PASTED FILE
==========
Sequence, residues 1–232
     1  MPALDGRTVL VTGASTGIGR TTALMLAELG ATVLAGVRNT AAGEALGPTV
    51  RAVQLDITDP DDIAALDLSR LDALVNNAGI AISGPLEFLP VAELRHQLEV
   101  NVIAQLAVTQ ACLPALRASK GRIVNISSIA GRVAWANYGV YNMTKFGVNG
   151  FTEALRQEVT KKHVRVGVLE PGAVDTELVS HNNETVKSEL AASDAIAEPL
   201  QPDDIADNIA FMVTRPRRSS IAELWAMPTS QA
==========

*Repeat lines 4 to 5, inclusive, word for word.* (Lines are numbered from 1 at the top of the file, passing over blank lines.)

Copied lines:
   101  NVIAQLAVTQ ACLPALRASK GRIVNISSIA GRVAWANYGV YNMTKFGVNG
   151  FTEALRQEVT KKHVRVGVLE PGAVDTELVS HNNETVKSEL AASDAIAEPL